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White House Refuses to Condemn Timothy Caughman’s Murder as Hate Crime Despite Killer’s Admission 



Press Secretary Sean Spicer couldn’t bring himself to admit the stabbing of a New York City Black man was a hate crime, so instead he got defensive over Republicans being blamed for recent anti-Semitic threats.

American Urban Radio journalist April Ryan asked about white supremacist James Jackson’s statement to the New York Daily News that he wished 66-year-old Timothy Caughman had been a “young thug” during a Monday, March 27 press briefing. Rather than addressing the issue head-on, Spicer relied on Donald Trump’s general condemnation of racial and gender discrimination, saying, “Hate crimes and anti-Semitic crimes of any nature should be called out.”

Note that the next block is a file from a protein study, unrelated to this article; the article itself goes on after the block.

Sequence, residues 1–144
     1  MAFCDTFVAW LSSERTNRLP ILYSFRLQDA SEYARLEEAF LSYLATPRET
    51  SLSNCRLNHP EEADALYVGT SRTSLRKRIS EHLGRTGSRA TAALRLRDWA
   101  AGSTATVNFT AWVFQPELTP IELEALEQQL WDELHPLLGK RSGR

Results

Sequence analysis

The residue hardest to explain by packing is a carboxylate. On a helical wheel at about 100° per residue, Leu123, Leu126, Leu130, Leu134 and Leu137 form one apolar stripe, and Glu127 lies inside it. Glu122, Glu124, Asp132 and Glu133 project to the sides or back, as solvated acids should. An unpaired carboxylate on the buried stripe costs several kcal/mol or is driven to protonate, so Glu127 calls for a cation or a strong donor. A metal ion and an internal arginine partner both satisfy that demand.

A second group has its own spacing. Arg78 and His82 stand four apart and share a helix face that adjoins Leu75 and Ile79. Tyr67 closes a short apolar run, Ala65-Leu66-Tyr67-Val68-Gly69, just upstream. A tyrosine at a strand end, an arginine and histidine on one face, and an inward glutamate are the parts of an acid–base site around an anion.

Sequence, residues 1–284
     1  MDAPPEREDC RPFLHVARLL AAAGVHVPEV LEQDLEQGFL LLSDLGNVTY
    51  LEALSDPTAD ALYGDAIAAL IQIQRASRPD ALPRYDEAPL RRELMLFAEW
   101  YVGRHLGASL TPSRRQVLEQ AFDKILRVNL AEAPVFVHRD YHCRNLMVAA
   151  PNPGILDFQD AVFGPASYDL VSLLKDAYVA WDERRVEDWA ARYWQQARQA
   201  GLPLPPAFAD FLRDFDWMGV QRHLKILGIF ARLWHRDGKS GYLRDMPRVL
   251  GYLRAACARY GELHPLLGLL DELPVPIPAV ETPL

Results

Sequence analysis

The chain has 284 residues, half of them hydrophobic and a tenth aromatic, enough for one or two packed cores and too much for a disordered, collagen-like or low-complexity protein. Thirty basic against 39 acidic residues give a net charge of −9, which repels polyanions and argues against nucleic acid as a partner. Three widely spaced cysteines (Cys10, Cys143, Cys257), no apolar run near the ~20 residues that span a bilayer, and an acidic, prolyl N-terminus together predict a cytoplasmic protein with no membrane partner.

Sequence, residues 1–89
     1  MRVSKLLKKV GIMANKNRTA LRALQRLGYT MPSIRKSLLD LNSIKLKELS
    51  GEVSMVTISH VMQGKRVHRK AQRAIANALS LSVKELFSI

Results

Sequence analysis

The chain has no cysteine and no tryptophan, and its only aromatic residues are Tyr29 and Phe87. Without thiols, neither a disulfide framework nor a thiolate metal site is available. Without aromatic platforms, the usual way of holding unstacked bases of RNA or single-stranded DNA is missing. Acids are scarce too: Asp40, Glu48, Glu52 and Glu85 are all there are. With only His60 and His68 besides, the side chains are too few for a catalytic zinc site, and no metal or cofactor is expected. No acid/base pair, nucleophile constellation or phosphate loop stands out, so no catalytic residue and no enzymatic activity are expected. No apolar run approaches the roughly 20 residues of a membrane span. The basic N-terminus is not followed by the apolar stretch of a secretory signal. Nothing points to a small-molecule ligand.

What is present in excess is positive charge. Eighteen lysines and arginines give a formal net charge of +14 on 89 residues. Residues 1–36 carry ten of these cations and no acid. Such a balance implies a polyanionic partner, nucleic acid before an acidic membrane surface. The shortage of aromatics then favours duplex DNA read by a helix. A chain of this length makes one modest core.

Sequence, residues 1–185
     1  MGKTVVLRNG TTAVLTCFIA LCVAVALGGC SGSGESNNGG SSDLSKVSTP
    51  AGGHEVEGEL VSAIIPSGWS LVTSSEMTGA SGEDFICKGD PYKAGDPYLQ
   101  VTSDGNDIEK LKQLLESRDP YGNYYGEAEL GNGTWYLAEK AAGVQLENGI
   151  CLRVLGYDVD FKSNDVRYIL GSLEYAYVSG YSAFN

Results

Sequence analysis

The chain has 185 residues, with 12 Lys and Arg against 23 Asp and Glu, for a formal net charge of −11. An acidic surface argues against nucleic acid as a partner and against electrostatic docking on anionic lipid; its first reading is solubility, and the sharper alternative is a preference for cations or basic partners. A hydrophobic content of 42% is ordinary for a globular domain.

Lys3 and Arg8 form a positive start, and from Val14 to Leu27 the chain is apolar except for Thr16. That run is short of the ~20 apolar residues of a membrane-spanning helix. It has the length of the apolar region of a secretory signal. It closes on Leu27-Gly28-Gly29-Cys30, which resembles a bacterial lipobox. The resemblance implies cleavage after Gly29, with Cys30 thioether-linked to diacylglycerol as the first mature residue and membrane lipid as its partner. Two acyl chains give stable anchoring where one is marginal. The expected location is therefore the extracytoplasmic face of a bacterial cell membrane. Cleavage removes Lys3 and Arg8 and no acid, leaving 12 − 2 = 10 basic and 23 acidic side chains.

Spicer leaped at the chance to put down the idea that conservatives were to blame for the recent bomb threats against Jewish community centers across the country.

“There was an immediate jump to criticize folks on the right and to denounce us,” Spicer said. “And It turns out that it wasn’t someone on the right — and the president from the get-go had said, ‘I bet you it’s not someone [on the right]’ — and he was right.”

Michael Kayda, a 19-year-old with dual American and Israeli citizenship, was responsible for making the threatening calls.

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